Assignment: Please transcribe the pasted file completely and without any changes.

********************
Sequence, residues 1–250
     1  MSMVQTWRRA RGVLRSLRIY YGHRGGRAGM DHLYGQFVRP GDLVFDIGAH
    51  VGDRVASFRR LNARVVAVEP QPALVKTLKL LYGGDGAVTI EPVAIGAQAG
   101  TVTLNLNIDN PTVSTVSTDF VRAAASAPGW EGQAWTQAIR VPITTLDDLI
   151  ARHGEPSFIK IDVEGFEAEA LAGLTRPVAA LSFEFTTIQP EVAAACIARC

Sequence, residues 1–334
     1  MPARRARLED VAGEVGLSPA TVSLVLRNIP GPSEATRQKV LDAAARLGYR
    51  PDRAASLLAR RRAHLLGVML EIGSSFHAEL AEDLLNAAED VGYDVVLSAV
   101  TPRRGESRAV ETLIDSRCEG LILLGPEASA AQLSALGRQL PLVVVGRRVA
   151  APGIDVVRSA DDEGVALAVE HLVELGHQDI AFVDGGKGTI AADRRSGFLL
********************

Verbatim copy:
Sequence, residues 1–250
     1  MSMVQTWRRA RGVLRSLRIY YGHRGGRAGM DHLYGQFVRP GDLVFDIGAH
    51  VGDRVASFRR LNARVVAVEP QPALVKTLKL LYGGDGAVTI EPVAIGAQAG
   101  TVTLNLNIDN PTVSTVSTDF VRAAASAPGW EGQAWTQAIR VPITTLDDLI
   151  ARHGEPSFIK IDVEGFEAEA LAGLTRPVAA LSFEFTTIQP EVAAACIARC

Sequence, residues 1–334
     1  MPARRARLED VAGEVGLSPA TVSLVLRNIP GPSEATRQKV LDAAARLGYR
    51  PDRAASLLAR RRAHLLGVML EIGSSFHAEL AEDLLNAAED VGYDVVLSAV
   101  TPRRGESRAV ETLIDSRCEG LILLGPEASA AQLSALGRQL PLVVVGRRVA
   151  APGIDVVRSA DDEGVALAVE HLVELGHQDI AFVDGGKGTI AADRRSGFLL